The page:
I know, I know. Times are tough, and something’s gotta give. Your first inclination may be to slash that marketing budget.

But wait…not so fast. Although marketing can be a hard area to justify on those monthly financial reports, if you take a big-picture approach, you may see your profits actually increase while others see theirs take a nosedive.

Let ’em know you’re there
As other businesses shutter their doors, people may wonder if you’re still around today—and if you plan to be there tomorrow. A combination of advertising and well-done public relations sends the message that you’re in it for the long haul. That inspires confidence in both your current customers and your prospects.

Up the ante
Harvard Business School Professor John A. Quelch tells us: “Brands that increase advertising during a recession, when competitors are cutting back, can improve market share and return on investment at lower cost than during good economic times.”

Take a close look at your competition and the mediums you may have utilized in the past. If your competition has dropped off radio, now’s the time to dial in and get on. If they’ve pulled from print, place an ad. If they’ve turned off TV, tune in and turn it up.

On the tips of their tongues
Individuals, especially during a recession, become even more brand-loyal. According to the online resource Small Business Newz, “During an economic downturn, a good brand reputation could be a matter of your company’s survival. When times are hard, people prefer to do business with others whom they know and trust, even more than when the economy is strong.” Keep in mind that loyal customers tell their friends. Reinforce that positive image with name recognition via advertising.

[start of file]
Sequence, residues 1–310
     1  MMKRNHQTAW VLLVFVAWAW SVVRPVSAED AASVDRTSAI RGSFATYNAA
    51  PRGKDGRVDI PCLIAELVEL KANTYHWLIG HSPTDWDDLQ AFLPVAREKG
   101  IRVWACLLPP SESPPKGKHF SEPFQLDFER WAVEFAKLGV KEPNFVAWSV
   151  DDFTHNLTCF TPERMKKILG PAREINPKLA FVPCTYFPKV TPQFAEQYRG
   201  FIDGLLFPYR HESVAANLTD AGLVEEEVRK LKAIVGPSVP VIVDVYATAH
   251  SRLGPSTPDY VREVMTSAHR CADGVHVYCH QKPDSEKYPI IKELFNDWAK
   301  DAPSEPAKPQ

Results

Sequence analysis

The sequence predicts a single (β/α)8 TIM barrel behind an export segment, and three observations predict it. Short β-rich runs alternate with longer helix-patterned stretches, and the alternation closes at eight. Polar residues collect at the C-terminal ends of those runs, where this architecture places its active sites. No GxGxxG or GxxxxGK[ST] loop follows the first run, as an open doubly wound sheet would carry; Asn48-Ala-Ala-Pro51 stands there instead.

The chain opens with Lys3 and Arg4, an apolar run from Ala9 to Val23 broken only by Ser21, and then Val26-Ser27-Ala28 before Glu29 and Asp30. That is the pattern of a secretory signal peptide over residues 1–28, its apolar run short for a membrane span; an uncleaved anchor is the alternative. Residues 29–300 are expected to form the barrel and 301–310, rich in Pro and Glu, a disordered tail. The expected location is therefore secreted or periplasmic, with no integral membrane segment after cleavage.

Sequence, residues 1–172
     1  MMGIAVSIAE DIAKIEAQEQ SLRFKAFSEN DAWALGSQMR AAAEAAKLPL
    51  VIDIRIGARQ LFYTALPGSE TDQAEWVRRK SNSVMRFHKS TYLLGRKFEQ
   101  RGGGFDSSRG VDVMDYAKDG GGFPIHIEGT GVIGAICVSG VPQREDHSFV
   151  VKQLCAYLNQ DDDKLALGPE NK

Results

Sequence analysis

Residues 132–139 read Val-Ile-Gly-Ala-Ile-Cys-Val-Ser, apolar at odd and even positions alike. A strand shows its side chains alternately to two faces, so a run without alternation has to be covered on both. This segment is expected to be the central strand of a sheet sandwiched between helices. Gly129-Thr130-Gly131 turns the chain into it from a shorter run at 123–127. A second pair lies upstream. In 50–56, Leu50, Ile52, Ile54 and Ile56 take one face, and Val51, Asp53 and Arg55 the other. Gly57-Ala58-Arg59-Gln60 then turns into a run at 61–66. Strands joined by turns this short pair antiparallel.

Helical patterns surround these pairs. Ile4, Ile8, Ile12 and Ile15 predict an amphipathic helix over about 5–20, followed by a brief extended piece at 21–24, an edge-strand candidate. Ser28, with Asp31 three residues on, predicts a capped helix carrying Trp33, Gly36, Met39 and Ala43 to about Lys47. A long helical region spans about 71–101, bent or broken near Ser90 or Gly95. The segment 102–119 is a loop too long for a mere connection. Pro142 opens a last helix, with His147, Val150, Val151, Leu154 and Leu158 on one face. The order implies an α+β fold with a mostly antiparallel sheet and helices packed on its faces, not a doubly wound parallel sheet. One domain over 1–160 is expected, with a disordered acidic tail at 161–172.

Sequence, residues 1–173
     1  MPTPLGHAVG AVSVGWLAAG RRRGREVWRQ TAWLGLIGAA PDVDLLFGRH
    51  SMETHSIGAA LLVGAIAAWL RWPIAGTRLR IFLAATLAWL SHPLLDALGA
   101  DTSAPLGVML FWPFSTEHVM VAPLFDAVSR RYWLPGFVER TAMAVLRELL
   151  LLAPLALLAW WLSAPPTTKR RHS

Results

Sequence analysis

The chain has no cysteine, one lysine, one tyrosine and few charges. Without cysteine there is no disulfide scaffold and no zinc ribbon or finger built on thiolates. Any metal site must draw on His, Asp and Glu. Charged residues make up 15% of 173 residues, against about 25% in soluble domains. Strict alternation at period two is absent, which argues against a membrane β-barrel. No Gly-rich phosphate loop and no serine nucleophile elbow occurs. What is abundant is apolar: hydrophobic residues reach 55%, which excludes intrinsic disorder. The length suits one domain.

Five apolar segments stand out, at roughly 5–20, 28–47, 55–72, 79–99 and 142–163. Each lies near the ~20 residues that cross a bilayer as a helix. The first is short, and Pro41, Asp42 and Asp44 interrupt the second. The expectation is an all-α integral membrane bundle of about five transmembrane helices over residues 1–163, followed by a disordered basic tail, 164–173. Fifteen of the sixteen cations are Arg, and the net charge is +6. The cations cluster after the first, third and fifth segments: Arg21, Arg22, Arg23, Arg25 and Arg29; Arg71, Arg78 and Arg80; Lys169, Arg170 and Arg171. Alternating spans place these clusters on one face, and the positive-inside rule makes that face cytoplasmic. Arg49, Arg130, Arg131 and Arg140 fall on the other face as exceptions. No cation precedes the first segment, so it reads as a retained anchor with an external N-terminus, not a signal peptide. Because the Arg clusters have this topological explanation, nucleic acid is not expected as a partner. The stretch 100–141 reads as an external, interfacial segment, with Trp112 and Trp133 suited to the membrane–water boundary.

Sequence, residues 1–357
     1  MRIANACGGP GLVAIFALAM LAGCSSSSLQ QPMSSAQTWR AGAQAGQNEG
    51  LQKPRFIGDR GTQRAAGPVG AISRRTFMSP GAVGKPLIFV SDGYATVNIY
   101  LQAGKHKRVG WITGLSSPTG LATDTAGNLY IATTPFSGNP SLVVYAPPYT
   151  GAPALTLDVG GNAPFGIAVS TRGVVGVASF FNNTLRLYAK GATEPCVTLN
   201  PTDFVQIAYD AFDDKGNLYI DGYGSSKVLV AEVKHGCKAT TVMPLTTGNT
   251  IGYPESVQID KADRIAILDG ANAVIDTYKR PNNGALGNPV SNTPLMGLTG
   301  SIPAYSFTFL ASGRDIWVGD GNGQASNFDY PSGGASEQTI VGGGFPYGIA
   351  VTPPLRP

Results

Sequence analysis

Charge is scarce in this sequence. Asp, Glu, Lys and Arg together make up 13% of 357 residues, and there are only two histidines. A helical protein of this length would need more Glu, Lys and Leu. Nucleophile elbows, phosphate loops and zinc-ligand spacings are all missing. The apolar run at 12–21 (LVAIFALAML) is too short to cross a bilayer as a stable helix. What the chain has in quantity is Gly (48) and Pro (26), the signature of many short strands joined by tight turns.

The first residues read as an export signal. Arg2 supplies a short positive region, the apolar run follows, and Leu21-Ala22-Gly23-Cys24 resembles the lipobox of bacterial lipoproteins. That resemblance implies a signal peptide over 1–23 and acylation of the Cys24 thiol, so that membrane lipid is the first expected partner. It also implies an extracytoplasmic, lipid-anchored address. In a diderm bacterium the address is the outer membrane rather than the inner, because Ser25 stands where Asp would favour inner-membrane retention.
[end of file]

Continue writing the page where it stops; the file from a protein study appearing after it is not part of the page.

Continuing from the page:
Don’t go it alone
Just as your customers trust you, so should you put your trust in the knowledgeable hands of an advertising professional who can take the time to make sure you have a congruent, effective marketing plan. In many cases, businesses stumble through by printing a brochure here, running an ad there. What really works is a well-thought-out, consistent plan composed of strategy, methodology and proper execution.

We all have to take a close look at our business practices in this current economy. But in that same breath, it’s important to make smart decisions—and that doesn’t always mean cutting back. Having a significant presence in a tight market will not only put you a head above the competition, it will also instill confidence in your customers that doing business with you can be the upside in a down economy.

So step away from the knife. And put some money back into that marketing budget. iBi